Id., at 84–85. This, of course, is not an exhaustive list of the kinds of improper tactics that overzealous or misguided prosecutors have adopted in judicial proceedings. The reported cases of this Court alone contain examples of the knowing use of perjured testimony, Mooney v. Holohan, 294 U. S. 103 (1935), the suppression of evidence favorable to an accused person, Brady v. Maryland, 373 U. S. 83, 87–88 (1963), and misstatements of the law in argument to the jury, Caldwell v. Mississippi, 472 U. S. 320, 336 (1985), to name just a few.

Nor has prosecutorial misconduct been limited to judicial proceedings: The reported cases indicate that it has sometimes infected grand jury proceedings as well. The cases contain examples of prosecutors presenting perjured testimony, United States v. Basurto, 497 F. 2d 781, 786 (CA9 1974), questioning a witness outside the presence of the grand jury and then failing to inform the grand jury that the testimony was exculpatory, United States v. Phillips Petroleum, Inc., 435 F. Supp. 610, 615–617 (ND Okla. 1977), failing to inform the grand jury of its authority to subpoena witnesses, United States v. Samango, 607 F. 2d 877, 884 (CA9 1979), operating under a conflict of interest, United States v. Gold, 470 F. Supp. 1336, 1346-1351 (ND Ill. 1979), misstating the law, United States v. Roberts, 481 F. Supp. 1385, 1389, and n. 10 (CD Cal. 1980), and misstating the facts on cross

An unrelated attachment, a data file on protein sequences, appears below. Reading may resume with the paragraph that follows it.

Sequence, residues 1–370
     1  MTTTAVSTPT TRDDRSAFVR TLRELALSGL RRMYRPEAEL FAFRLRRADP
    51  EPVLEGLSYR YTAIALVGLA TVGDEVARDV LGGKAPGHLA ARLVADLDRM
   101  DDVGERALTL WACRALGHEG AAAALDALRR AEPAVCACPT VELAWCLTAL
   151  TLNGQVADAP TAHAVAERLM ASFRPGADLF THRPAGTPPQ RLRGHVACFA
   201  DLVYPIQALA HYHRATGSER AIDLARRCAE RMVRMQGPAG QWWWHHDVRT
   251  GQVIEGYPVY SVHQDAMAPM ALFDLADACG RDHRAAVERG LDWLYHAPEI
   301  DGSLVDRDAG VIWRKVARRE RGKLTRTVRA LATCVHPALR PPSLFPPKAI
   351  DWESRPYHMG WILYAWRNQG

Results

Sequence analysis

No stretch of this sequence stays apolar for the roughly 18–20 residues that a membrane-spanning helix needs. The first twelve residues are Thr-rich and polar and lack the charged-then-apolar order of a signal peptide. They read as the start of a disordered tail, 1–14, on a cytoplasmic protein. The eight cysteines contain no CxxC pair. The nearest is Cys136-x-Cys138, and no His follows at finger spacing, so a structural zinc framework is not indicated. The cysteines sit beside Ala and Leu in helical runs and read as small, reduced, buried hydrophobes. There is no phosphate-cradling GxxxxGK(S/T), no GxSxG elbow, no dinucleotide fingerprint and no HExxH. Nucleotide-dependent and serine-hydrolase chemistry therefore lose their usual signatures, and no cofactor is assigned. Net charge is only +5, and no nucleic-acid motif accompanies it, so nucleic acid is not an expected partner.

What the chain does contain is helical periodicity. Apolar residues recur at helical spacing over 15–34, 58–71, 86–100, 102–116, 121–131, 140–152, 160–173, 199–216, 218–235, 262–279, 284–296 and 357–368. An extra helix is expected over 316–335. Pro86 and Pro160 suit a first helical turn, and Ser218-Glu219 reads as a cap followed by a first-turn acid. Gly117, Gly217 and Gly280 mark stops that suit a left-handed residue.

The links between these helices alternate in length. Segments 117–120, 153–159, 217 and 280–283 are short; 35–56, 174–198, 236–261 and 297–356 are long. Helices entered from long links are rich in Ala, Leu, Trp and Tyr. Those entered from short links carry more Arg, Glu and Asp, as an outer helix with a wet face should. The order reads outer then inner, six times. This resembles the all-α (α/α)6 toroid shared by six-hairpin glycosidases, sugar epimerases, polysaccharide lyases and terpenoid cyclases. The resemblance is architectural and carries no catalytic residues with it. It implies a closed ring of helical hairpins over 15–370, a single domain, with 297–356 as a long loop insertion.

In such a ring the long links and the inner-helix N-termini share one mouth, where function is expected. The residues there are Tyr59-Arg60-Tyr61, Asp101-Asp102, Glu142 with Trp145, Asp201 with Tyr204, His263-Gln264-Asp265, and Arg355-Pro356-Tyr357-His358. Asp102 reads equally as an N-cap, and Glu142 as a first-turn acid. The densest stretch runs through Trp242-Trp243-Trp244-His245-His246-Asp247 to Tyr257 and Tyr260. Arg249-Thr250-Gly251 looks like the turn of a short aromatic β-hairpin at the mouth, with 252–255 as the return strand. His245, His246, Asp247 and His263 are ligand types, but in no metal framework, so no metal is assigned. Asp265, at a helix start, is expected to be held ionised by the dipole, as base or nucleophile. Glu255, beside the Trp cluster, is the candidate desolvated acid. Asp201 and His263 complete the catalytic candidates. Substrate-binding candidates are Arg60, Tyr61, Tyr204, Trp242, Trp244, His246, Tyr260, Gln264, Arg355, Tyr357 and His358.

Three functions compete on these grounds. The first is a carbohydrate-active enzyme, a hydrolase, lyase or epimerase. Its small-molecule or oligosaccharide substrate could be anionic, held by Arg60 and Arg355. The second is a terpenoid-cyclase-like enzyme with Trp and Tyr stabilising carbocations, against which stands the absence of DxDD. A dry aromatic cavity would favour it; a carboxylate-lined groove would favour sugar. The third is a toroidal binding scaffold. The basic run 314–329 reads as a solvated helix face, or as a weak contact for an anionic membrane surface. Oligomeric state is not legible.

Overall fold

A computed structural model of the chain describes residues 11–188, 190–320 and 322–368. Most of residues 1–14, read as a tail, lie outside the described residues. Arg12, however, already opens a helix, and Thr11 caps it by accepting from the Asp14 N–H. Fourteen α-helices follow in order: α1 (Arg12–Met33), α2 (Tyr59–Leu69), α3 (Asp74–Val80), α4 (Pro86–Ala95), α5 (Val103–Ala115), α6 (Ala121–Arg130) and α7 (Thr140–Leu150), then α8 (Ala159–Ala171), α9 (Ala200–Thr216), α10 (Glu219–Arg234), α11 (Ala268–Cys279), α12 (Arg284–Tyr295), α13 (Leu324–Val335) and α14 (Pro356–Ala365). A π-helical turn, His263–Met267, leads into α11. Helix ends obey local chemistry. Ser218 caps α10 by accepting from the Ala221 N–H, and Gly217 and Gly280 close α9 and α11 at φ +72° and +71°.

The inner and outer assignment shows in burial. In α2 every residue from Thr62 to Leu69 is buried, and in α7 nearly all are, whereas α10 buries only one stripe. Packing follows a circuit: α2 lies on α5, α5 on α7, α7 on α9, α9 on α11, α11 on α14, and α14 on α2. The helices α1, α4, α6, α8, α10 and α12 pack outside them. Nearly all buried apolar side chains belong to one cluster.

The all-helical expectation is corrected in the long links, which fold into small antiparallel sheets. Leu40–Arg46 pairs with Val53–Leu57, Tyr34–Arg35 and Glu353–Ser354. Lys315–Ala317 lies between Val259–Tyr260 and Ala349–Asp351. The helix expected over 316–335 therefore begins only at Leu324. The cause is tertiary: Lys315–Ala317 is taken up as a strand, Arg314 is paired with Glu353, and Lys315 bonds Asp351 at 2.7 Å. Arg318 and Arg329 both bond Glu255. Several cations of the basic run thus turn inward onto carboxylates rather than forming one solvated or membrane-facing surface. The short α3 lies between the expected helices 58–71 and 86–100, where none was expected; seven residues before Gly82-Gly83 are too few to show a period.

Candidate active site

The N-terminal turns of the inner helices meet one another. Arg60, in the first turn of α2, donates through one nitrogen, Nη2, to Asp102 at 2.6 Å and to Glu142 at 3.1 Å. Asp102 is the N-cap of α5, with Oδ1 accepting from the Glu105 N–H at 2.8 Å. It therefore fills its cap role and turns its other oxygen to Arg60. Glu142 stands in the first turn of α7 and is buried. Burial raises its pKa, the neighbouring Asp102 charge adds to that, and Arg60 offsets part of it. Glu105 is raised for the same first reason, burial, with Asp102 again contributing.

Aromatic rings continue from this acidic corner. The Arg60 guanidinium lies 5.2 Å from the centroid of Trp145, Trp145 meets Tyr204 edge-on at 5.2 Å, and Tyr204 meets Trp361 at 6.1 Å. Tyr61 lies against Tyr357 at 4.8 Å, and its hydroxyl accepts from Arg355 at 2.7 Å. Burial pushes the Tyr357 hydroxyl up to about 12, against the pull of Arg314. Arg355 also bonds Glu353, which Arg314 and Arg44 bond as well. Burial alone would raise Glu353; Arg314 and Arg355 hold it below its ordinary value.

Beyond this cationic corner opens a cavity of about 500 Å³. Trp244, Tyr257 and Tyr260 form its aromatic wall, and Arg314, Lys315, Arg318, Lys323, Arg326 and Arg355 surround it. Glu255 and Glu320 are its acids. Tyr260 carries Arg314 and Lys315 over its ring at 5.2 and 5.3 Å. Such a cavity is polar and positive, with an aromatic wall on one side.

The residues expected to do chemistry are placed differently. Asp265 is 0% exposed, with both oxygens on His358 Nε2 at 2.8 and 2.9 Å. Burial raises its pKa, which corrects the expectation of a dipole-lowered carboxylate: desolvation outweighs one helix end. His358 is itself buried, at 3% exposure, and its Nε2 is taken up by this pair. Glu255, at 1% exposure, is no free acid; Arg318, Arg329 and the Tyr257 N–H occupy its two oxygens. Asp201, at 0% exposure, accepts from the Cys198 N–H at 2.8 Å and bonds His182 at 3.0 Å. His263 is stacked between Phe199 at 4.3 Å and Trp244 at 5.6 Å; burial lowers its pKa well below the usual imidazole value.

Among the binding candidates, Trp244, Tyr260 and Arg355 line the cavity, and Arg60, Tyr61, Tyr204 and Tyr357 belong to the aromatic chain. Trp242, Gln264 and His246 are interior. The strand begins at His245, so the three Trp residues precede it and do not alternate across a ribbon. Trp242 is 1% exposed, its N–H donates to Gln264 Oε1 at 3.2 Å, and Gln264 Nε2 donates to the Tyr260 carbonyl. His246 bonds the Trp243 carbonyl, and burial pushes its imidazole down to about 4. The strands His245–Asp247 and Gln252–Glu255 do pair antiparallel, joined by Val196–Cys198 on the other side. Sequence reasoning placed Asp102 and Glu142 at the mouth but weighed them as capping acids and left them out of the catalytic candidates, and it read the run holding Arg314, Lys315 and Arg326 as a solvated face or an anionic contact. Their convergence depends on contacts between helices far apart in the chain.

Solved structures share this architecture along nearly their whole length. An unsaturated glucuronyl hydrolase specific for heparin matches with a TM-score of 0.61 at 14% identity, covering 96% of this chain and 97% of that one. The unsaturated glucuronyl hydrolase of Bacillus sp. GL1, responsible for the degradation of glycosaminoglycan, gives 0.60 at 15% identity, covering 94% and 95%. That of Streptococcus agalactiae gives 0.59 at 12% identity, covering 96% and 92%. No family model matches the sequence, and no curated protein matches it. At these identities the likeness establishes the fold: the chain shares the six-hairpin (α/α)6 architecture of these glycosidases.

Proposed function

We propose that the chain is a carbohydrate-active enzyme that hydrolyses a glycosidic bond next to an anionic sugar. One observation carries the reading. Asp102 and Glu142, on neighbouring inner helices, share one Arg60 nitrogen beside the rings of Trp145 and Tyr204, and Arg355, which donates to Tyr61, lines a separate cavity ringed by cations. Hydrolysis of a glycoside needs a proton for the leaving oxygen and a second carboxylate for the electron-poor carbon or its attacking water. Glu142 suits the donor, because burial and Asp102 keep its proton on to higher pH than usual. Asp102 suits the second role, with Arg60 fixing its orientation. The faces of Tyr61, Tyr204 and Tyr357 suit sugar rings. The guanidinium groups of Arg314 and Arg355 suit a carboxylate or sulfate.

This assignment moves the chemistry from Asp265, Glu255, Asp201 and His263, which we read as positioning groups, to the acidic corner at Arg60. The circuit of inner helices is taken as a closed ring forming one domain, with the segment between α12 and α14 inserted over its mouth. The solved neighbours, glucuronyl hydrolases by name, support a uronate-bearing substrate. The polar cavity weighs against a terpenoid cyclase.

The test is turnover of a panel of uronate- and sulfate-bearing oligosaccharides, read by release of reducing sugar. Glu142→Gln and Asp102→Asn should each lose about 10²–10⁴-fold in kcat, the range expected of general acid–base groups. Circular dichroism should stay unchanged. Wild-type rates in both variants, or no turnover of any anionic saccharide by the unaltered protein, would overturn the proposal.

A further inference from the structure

8 The court found the Government guilty of prosecutorial misconduct because it “fail[ed] to provide the polygraph evidence to the Grand Jury despite the prosecutor's guarantee to Judge Pregerson that all exculpatory evidence would be presented to the Grand Jury, and compound[ed] this indiscretion by erroneously but unequivocally telling the Grand Jury that